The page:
From my experience even flat metal sheets can absorb a significant amount of the transmitted power due to induced eddy currents, thus there is the potential for significant losses from objects within the room/range of the power transmitter. From their own admission, the 60W light bulb experiment was only 40% efficient indicatiing that the losses we about 90W, that is over 10x the standby power of a traditional telly (5W typ) and with the imminent banning of traditional incandescent light bulbs and other energy efficiency directives I would say this technology would represent a backward step in energy use.. My informed guess is that in a real environment 40% efficiency represents the upper end of what can be achieved.

Consequently I would be surprised if such a system would ever be endorsed by the authorities either from the safety or energy efficiency standpoint. There may be some niche applications for low power applications, a few watts perhaps such as a LED bedside light (if the iron bedstead or the electric blanket don’t cause problems), but much below this power level, energy harvesting or batteries (rechargeable) may be a better option.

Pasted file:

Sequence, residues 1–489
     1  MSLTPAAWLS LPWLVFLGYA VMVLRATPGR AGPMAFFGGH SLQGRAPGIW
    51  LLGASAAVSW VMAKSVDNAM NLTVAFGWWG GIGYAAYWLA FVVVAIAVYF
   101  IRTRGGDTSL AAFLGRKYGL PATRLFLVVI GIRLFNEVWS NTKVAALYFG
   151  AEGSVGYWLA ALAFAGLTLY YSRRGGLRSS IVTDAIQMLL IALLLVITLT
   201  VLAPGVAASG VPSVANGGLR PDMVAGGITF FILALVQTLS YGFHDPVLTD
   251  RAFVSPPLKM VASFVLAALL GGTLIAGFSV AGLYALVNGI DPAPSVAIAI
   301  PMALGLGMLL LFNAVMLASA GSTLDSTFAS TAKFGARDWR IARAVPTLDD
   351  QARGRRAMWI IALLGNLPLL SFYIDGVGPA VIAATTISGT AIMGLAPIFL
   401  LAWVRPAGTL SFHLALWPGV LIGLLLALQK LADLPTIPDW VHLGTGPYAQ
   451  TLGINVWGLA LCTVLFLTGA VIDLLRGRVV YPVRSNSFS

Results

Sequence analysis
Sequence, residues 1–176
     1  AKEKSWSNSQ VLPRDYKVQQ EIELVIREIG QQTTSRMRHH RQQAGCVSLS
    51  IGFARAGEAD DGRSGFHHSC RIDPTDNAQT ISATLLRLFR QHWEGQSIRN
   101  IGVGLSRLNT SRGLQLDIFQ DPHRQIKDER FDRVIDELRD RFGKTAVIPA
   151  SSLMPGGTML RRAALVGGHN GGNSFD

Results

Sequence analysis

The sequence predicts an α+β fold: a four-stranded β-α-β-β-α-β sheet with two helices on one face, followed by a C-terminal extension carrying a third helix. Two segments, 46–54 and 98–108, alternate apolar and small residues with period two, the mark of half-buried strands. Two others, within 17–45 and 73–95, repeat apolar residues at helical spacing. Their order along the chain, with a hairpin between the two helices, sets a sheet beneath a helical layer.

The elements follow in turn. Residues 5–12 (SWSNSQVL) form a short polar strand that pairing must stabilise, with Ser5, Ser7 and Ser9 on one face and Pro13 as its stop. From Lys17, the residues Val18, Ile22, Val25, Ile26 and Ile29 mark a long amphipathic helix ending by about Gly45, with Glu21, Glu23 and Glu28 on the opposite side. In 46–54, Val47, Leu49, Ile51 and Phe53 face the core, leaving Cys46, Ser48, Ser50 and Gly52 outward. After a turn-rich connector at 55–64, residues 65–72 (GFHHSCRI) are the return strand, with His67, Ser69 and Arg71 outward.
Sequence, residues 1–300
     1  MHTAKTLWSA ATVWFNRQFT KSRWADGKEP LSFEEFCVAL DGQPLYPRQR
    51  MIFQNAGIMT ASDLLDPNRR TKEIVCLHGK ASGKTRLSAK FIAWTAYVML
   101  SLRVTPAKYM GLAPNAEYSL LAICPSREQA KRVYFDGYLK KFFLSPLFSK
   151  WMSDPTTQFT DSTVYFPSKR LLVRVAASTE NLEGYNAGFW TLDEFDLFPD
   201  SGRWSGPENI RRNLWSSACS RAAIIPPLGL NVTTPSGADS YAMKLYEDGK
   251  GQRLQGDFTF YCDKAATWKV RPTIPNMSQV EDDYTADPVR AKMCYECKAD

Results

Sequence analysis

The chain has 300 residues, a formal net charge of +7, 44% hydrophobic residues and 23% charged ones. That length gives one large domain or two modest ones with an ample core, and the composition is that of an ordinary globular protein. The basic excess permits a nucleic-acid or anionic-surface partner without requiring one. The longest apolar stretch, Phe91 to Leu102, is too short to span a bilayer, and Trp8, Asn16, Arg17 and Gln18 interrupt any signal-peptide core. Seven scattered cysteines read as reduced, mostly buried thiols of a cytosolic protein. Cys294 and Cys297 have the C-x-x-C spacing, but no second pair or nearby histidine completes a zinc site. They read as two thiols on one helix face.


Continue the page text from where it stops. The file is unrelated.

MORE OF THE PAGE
Nick Cook
Technology Analyst / Electronics engineer



I think the likely fate of this wireless power transfer system is contained in this innocent sounding claim:-

“Witricity claim the system is entirely safe as the energy is transmitted predominantly through magnetic fields, namely low frequency electromagnetic waves, which are harmless to humans who are non-magnetic in nature”

Witricity appear to be totally ignoring the furore presently going on over the supposed carcinogenic effects of power line magnetic fields. In the USA even the EPA admits that:-

"Based on studies about the incidence of childhood leukemia involving a large number of households, NIEHS found that power line magnetic fields are a possible cause of cancer." and "The International Agency for Research on Cancer (WHO) reached a similar conclusion."